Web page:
A new rapid testing process for Covid-19 has been created by a doctor whose mother was alone when she died.
Dr Tim Chesser, a consultant at Bristol's Southmead Hospital, is using an antigen test which gives results in 15 minutes.
He said his mother was "frightened" when she passed away and "unable to understand why her family couldn't visit".
The test is being trialled on visitors at a care home in the city.
Dr Chesser said he hoped the testing process, which involves a nasal swab, would remove the "distress" families feel when visiting relatives in care homes.
Because visitors can be tested and get their results quickly, it means they can hold a relative's hand or touch their face.
The trial is being supported by Public Health England who will use the data themselves for testing protocols and result recording elsewhere.
"I've seen first-hand the huge stresses that existed in the sector," said Dr Chesser, whose mother died in April.
"Residents are often bewildered by the visiting restrictions, which can add to confusion and a deterioration in their mental health."
The trial is being carried out in conjunction with medical company Breathe Assured.
One of the family groups that has benefited from the new test is Nick Smith and his mother Barbara.
She is in the dementia unit at Garden House care home in Westbury-on-Trym, where the new test is being trialled.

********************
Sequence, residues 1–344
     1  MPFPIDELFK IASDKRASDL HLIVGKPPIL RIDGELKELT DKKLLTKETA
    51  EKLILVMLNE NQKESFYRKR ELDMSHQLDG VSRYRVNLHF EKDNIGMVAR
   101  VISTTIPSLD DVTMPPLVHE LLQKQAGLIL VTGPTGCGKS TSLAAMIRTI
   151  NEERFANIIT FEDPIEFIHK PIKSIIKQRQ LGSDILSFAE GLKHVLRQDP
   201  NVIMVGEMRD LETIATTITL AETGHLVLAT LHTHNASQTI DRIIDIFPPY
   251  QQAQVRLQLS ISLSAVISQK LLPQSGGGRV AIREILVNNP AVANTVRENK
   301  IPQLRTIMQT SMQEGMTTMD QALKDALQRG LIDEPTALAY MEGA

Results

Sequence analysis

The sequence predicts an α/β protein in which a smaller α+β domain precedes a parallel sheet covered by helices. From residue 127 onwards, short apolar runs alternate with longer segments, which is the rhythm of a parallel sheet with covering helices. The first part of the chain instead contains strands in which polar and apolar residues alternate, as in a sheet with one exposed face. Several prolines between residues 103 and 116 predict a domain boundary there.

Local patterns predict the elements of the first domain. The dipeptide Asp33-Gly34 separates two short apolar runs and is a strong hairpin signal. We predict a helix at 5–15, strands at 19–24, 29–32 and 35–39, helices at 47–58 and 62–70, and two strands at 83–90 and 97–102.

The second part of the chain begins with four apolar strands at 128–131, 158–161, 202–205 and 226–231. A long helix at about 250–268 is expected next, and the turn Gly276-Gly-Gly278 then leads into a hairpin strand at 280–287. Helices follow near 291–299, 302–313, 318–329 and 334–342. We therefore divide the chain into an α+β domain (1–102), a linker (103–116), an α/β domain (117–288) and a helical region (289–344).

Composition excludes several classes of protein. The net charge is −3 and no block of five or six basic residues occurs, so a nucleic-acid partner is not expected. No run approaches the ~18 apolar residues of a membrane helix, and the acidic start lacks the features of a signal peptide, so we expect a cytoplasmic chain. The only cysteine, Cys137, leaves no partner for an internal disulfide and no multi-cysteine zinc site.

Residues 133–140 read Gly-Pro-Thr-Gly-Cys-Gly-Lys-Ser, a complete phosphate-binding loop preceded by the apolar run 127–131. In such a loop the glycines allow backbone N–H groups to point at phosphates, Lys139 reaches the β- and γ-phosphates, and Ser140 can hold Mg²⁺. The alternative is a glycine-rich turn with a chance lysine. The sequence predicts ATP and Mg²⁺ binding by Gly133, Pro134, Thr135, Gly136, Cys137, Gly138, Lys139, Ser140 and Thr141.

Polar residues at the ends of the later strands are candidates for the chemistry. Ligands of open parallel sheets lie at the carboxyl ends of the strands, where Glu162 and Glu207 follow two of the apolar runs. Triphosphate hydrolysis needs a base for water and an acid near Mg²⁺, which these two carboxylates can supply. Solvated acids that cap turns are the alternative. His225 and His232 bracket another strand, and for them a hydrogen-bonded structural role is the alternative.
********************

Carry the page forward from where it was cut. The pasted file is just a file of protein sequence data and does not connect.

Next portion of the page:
The pilot has been extended from the dementia unit to the whole care home so more people can visit their relatives on Christmas Day.
Mr Smith said it was "wonderful" to experience physical contact with his mother, who is 90 and has survived Covid, again.
"It took a while for us to make that connection, but as soon as she could hear my voice and feel me holding her hand, then we were there," he said.
Mr Smith said: "As human beings we thrive on physical contact with each other and not being able to do that takes an enormous chunk out of normal human activity."
Feedback from the trial at Garden House, which is run by St Monica Trust, will be sent to Public Health England with the hope it will benefit other care homes across the UK.
Fran Ashby, manager at the home, said it had been "hugely frustrating" for her staff and relatives to have to limit visits and physical contact because of the pandemic.
"Rapid antigen testing is a real game-changer," she said.
"The sense of touch is so important for those who are living with dementia as their sight and cognitive abilities are impaired."